Unfortunately, in between the warm up and the actual race, all the soft snow had been scraped away by the French military who had been setting the course.  Concerned I might lay the skis down while hearing what I thought must have been sparks between my skis and the ice, I skied this upper few turns conservatively before entering a full tuck for the bottom few gates.  

Rounding the final bend, I made another ridiculous attempt to skate the finish.  A few herring bone steps later, I was done.  Tom and I congratulated each other and then watched Luke and Max finish.  

It's a funny thing waiting around for the results to be posted to see if any of us moved on.  Then we got word.  Tom (who had botched a transition) was 37th.  Luke and Max were given the same time and placed 35th and 34th.  And I was sitting in the unfortunate spot of first man out placing 31st.  My hope was that one of the guys in front would be assessed a penalty so I could advance to the next round but this was not to be.  I had done as well as I could have hoped but the "what ifs" linger...

Meanwhile, on the women's side Nina was CRUSHING!  She won the qualifying, won the quarters, won the semis and was winning the final.  First to the top of the climb, she was one transition, 80 vertical meters of skiing, and a short skate away from being the World Champion.  Unfortunately, she looked like she was deeply hurting and just wasn't able to transition cleanly and this ultimately cost her first place.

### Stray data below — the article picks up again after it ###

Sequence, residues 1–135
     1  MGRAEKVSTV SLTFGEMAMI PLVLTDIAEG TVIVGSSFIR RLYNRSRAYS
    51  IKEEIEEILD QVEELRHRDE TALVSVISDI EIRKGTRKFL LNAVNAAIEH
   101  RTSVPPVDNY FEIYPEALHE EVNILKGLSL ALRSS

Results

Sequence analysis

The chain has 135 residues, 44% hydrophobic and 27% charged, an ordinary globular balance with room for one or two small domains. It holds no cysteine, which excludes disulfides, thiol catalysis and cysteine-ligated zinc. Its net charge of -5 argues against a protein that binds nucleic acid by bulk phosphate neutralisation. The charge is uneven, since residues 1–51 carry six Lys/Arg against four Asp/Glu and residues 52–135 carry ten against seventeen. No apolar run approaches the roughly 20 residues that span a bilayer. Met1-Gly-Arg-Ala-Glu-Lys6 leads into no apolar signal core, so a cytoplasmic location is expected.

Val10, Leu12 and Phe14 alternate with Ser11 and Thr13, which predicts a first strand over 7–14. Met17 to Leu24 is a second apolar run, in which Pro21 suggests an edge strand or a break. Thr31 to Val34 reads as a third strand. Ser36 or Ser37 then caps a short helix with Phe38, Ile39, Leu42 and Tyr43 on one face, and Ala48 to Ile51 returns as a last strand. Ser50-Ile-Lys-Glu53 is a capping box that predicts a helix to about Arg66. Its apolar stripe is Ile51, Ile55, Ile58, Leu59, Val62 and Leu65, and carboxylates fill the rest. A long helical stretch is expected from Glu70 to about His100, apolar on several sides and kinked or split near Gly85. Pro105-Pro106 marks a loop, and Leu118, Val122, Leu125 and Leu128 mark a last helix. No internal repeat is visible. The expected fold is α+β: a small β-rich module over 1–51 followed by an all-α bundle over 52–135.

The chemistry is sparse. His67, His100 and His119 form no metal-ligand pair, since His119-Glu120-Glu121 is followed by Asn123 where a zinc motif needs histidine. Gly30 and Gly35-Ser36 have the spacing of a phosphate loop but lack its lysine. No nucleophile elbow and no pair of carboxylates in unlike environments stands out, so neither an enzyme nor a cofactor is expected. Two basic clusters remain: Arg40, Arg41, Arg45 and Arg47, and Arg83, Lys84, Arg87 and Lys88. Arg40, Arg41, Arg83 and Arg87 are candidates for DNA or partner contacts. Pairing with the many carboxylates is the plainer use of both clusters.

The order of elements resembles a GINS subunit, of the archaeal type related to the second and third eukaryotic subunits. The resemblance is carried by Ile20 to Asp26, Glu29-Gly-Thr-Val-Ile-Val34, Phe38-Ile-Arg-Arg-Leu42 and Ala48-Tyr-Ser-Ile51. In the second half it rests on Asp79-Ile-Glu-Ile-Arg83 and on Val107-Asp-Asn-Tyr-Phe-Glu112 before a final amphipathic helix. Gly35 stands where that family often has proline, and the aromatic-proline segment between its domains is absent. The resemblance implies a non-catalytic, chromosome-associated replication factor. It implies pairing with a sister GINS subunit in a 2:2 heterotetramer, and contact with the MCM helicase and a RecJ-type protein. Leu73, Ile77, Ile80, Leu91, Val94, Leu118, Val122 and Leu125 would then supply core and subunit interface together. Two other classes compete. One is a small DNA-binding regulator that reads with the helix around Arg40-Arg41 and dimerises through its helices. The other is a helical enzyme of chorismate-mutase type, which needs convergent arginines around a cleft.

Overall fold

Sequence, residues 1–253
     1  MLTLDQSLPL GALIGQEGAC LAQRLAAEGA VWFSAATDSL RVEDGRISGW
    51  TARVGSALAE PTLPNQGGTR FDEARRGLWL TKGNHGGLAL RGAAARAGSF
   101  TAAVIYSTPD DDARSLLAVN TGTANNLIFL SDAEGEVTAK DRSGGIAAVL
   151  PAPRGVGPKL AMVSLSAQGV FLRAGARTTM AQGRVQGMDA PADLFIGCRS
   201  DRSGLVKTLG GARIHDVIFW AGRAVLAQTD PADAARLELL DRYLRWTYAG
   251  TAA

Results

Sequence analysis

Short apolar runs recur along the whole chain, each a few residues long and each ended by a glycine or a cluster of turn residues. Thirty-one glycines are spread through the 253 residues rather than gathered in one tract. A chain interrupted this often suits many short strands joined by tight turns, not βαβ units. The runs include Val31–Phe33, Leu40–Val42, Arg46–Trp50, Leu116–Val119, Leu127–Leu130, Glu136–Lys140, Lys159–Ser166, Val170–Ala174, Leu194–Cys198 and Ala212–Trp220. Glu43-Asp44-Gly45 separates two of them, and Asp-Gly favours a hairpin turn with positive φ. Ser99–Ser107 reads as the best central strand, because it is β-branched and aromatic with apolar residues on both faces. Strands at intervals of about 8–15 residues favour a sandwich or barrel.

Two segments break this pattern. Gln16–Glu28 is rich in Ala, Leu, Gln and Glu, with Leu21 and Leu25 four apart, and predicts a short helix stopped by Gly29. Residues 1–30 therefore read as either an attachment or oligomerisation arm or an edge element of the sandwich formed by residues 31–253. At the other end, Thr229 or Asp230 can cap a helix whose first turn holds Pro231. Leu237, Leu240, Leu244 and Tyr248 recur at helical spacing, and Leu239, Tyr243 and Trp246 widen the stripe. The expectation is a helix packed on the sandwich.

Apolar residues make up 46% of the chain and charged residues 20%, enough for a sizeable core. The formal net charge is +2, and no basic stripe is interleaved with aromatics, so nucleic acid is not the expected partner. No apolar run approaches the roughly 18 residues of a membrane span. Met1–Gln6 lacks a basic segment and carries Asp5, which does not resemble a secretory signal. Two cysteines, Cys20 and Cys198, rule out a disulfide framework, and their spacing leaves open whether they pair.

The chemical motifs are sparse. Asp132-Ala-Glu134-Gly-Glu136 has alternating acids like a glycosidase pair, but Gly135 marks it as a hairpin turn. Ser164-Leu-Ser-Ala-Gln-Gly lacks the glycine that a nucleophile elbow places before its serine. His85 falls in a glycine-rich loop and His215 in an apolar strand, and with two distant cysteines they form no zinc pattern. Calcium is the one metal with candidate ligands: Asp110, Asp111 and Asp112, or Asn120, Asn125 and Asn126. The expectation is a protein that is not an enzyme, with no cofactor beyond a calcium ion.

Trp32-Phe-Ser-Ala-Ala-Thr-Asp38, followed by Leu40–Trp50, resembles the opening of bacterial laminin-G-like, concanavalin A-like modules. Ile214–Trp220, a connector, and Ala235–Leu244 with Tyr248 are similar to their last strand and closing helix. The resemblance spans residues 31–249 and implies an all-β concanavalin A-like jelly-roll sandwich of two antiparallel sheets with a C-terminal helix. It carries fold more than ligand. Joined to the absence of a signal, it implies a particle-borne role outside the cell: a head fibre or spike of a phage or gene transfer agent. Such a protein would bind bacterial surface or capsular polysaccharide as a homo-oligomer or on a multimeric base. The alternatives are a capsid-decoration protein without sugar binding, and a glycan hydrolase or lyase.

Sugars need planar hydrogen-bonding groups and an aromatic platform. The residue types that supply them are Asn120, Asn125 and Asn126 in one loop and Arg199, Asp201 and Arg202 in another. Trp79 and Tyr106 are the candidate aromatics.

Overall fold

Luckily, a silver medal at the World Championships is still incredible and a first for the anyone from the the US.  

Most photos again provided by a very patient and long suffering Dom Maack.  Thank you!

About to start with Team USA stacked up behind me

Luke beginning the sprint
Trying to tuck to the finishing skate

Results from the qualifying round

Andrew McNabb from Canada put in an incredible round of performances and made it all the way to the semi-finals

After watching the subsequent rounds and cheering on friends from around the world, we skied down to Vallouise (2.5K) for the daily athlete lunch and then skinned back to our hotel up valley in Pelvoux.

Scott and Luke heading home through some fresh snow

Almost home
Today's new snow!  Unfortunately, this ruins our grand adventure aspirations...

Nina Silitch, a proud silver medalist!
Tomorrow is the Junior Individual race and a day off for the rest of us.  While the avy danger just spiked higher than appreciated (as in high with pockets of extreme), hopefully we'll find something fun and safe to do in the park again.

Also, here's a video of the ISMF from yesterday's teams race:


  1. Glad to see your putting your former middle-distance lactate tolerance to good use. Well done to all you guys!

  2. Our "sprint" race the other day was 2 x 250 foot laps with a booter, 1 ski to skin transition and 2 skin to ski transitions. 7-8 minutes for the suits and not even close to a real sprint race. With a little practice you 800m runners could be great at it.